In other words, although he didn’t call it that, it was a kind of static augmented reality. “It’s a book, Jim, but not as we know it.” He didn’t say that either, Mr Spock said that in Star Trek, but that is fiction not reality, allegedly.

At the end of Jared’s presentation, the usual range of questioners lined up at the microphone in the aisle, to ask a few questions or make their contribution. One of those was Bruce Sterling, the well known futurist and co-founder of the cyber-punk movement in science fiction.

So there it was. My ultimate real SXSW moment; Sterling stood up completely unannounced and queried Jared’s new phrase. He wondered whether it would be possible to define the term better. So he proposed that a digital object might be skeuorealistic or an effort to create an effect might be an act of skeuorealism. Sterling noted, however, that there was a difficulty in this construction, in that skuoreal doesn’t become a noun simply with the addition of the indefinite article. Even during the excesses of SouthBy it still stubbornly remains an adjective. An interesting philosophical linguistic conundrum!

I was excited by this exchange of luminaries, spontaneously engaging with each other in an authentic discussion of how to talk about the real and the digital. I ran after Sterling to talk more about it. As we wound through the back streets of Austin, Texas, dodging the clouds of drunken hipsters on electric scooters, I suggested that perhaps we could live with this new sense of skeuoreality and that it could become a noun. Yet, skeuoreality did not allow for a definite article either. And here it was that we entered a new fracture in the time space continuum of philosophic and philological complexity: can a thing be termed an actual thing in reality if it cannot be in grammatical fact, expressed as a noun? Is this skeuoreality thing in fact a thing? What would Wittgenstein say?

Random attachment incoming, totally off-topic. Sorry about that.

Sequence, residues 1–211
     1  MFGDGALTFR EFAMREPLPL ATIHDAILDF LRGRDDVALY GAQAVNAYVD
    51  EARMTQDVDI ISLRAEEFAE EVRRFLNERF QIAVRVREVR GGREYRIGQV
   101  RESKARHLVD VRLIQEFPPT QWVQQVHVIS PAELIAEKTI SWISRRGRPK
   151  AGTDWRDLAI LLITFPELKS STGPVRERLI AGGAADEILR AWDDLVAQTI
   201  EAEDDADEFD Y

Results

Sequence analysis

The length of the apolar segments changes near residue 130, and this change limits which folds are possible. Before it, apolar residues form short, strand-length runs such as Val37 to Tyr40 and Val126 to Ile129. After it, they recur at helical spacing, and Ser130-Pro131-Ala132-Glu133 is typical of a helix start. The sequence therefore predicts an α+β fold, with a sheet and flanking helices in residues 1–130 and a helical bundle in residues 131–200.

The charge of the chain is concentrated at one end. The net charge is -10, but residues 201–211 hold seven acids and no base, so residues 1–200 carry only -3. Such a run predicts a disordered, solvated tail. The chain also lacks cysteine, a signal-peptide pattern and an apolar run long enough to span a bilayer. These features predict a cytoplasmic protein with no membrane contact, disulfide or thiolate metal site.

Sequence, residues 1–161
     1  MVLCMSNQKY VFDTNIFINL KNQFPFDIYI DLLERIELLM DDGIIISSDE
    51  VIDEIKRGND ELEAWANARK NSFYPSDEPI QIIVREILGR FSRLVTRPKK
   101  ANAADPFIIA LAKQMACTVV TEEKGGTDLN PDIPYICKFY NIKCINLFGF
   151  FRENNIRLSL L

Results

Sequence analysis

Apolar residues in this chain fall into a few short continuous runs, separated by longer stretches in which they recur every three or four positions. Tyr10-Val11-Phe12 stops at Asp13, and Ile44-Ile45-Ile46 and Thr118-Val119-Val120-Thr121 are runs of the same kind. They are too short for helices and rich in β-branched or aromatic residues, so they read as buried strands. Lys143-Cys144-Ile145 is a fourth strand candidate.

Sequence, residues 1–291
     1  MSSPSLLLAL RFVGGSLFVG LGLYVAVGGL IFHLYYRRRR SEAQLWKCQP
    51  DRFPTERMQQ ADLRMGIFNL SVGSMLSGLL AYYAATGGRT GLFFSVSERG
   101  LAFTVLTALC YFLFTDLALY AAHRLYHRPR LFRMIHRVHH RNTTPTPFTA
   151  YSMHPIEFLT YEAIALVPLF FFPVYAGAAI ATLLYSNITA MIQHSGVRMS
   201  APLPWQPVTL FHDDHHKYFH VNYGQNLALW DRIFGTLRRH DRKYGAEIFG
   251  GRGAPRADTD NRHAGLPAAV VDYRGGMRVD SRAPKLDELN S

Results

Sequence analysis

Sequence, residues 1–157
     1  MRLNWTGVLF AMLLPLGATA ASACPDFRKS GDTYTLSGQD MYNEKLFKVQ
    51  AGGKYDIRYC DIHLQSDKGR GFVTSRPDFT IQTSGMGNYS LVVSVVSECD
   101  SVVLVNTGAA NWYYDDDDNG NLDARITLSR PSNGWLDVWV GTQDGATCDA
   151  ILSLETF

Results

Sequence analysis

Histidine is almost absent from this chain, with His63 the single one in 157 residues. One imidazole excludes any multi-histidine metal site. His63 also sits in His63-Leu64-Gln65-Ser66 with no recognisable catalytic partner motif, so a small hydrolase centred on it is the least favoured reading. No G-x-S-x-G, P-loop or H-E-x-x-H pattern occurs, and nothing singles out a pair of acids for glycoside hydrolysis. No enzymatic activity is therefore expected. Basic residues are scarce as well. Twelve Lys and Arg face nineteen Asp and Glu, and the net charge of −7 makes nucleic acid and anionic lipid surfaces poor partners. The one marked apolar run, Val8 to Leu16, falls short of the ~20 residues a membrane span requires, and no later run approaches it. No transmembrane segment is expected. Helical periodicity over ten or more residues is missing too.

Of course, as the crowds surged and the TV show branded promotions loomed large with offers of free cocktails and sushi, the ideas continued to unfurl. I sat recovering, sipping a beer that had been pumped from a plastic tree complete with serpent, in the Garden of Earthly Delights, an astro-turfed chill-out space sponsored by Amazon to promote their new series, Good Omens, based on the Terry Pratchett and Neil Gaiman novels. It occurred to me that perhaps we should introduce a different term and consider talking about a skeuotrope as an appropriate noun. Literally, a container holding a metaphor. A physical glass holding a virtual vodka martini, for example. This might provide another approach to describing the injection of something digital into the real world. This would acknowledge a further undermining of the certainty of either the real or the digital. It might even act as a reminder of how in hyper-real environments like SXSW, that which appears to be real may in fact turn out to be digital.